Saturday, December 28, 2013


Humanists will tell you that our problems find their origin outside a person and the solution lies within.
The Bible argues that the problem is within, namely sin, and the solution is without, namely God.

Saturday, December 21, 2013


I have been reflecting some more on the controversy currently surrounding Duck Dynasty star, Phil Robertson, and I think I got a few things wrong in my original response to what was going down.

Retractions and corrections never get as much press as the original headline, which is unfortunate for me because I am a verbal processor. A lot of people wisely wait to speak up on an issue until they have arrived at a place of settled conviction. For me, however, I only seem to arrive at a settled viewpoint through the process of talking and debating. I usually come away from a bull session with a more sharply honed and defensible position, but I am sure that if you read back a transcript of the discussion my views would evolve wildly from the first to the last. My first stab at articulating a position is almost always rife with prototype errors that must be subsequently debugged and sometimes even apologized for.  It's a messy process for sure, but it's me. (Hey there!) It is especially problematic for me in the internet age where I am perpetually documenting my bumbling progress toward the truth before an anonymous, judgmental crowd. (Hey there!)

You may read my earlier statement regarding the Phil Robertson dust up by clicking HERE.

Of course, not everything I said was wrong, and before I get to the mea culpa let me highlight a few of the things I will stand pat on.

First, I was definitely right regarding my prediction for the arts.

Second, the Bible and Christianity is, by it's very nature, controversial...even offensive. Christians who are effective and faithful in communicating and living the truths of God's word will always be described by some as extreme, too strong, hateful, and wrong. This is true even within Christian circles. There are a few Bible teachers today who I greatly admire, but I have found that for every positive comment you find about them you seem to bump up against two or three more that are critical of them, and usually written by Christians. They are being used in a powerful way though, touching the lives of thousands, and I have noticed a strong corollary between the efficacy of their leadership and controversy. This was certainly true of Jesus. After all, they wouldn't have crucified him otherwise. I forget who said it, but the quote comes to mind, "The only way to be at peace with your neighbors is to be no better than them." I have been waiting for the inevitable storm of controversy to erupt around the Robertson family for a long time. In fact, I have confided to Sarah more than once that I sometimes pray for them and their families. Their testimony is so public, and they are frail, sin-prone human beings like me. I have been waiting for one or more of them to become embroiled in a scandal or say something regrettable. Public Christians have disappointed so often, and being a large family they present an enormous target for the enemy to bring shame onto the gospel. I pray for them often. They are in a terrifying and sobering position, but that's exactly what makes Phil's use of language so difficult to pardon (I'll get to that in a minute). Didn't he know? Didn't he care?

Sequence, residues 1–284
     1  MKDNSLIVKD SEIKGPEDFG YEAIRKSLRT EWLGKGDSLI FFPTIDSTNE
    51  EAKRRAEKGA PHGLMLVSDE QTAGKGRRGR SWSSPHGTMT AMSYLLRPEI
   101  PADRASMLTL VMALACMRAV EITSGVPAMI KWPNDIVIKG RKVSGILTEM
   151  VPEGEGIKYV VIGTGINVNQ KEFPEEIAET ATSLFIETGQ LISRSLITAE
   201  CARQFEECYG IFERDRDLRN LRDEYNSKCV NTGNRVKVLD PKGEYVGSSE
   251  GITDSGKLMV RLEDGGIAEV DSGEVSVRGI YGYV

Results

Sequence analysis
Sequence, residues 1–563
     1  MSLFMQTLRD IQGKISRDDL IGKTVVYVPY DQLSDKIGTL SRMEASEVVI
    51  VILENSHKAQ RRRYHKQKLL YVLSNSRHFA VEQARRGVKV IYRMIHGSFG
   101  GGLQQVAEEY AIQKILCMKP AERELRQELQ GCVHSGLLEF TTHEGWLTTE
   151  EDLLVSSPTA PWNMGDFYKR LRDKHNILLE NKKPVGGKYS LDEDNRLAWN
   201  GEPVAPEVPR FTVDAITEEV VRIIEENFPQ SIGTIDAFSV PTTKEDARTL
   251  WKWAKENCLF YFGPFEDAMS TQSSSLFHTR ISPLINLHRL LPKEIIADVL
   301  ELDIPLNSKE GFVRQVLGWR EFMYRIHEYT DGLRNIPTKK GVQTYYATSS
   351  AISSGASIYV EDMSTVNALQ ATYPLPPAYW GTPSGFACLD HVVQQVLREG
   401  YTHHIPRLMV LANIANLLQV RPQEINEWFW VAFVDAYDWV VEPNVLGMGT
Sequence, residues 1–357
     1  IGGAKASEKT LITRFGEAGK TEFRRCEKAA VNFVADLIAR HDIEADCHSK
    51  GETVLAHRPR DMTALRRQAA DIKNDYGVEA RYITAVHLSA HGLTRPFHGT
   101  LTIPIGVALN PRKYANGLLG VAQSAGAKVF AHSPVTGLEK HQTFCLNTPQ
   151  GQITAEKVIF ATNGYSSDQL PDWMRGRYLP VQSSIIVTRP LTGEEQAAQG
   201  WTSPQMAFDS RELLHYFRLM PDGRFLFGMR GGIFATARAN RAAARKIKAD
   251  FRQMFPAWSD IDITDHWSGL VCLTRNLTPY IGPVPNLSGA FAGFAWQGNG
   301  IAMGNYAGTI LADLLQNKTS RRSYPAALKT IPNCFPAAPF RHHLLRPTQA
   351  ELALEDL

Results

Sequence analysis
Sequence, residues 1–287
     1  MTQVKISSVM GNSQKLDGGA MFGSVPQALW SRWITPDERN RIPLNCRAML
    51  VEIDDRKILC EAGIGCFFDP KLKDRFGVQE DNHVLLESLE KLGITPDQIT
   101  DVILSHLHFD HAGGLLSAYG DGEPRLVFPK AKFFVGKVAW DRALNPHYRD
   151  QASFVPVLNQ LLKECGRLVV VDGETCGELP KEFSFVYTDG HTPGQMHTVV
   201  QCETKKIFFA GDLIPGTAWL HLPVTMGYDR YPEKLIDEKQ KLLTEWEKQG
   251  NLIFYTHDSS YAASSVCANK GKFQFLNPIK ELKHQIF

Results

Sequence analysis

Third, I don't like that the knee jerk reaction in our culture is to silence people when we disagree with them, or to unfairly label disagreement as hatred. I'm not talking about free speech either, that only applies to the government's attempts to silence people, which is not applicable here. Networks and individuals have every right to associate or disassociate with whomever they please, on whatever grounds they please, but in a society like ours, with such a diversity of perspective a robust and honest discourse about issues such as those which Phil Robertson took up will be a rough and tumble business. It will involve people saying things we don't like to hear, and when that happens the correct response is to engage, discuss, or even argue...heatedly! But Phil Robertson's critics simply said "Shut up!" "Remove him from the discussion!" As an American and an engaged citizen I don't like the feel of that.

Joshua Culpa

The church should never strive to be inoffensive, nor should it apologize for the truth, but neither should it seek to be thoughtlessly offensive, crude or abrasive. Nor should it excuse or defend brothers and sisters who fail as ambassadors by misrepresenting the spirit of their King. Colossians 4:5-6 says, "Be wise in the way you act toward outsiders; make the most of every opportunity. Let your conversation be always full of grace, seasoned with salt, so that you may know how to answer everyone," and 1 Peter 3:15 exhorts Christians to talk about their hope in Christ to nonbelievers "with gentleness and respect." I don't think that some of Phil Robertson's remarks pass the gentleness-and-respect test. In short, they were crude and regrettable. I can't defend that.